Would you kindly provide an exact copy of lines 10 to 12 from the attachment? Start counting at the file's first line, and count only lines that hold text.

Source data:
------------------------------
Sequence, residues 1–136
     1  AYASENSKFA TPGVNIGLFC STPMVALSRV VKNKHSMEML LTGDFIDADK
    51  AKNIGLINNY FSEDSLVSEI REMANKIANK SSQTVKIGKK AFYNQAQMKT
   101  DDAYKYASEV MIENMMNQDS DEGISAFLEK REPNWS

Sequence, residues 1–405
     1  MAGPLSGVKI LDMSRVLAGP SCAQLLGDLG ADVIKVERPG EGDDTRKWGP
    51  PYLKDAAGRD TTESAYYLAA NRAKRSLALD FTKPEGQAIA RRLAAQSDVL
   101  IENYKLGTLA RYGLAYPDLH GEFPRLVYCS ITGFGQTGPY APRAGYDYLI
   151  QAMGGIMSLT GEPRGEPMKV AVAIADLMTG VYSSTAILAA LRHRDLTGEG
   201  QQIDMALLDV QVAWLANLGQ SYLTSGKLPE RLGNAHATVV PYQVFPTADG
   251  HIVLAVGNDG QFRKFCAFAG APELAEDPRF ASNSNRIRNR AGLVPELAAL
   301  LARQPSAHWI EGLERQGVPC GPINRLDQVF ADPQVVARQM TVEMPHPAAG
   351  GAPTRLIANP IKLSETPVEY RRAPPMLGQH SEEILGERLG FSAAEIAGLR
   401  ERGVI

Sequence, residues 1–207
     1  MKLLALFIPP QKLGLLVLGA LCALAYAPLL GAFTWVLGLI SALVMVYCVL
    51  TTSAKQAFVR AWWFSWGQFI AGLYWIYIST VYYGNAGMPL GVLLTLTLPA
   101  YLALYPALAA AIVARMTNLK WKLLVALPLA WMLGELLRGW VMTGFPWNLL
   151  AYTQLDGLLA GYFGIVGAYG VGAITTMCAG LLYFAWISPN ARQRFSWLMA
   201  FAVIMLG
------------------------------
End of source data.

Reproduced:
   201  QQIDMALLDV QVAWLANLGQ SYLTSGKLPE RLGNAHATVV PYQVFPTADG
   251  HIVLAVGNDG QFRKFCAFAG APELAEDPRF ASNSNRIRNR AGLVPELAAL
   301  LARQPSAHWI EGLERQGVPC GPINRLDQVF ADPQVVARQM TVEMPHPAAG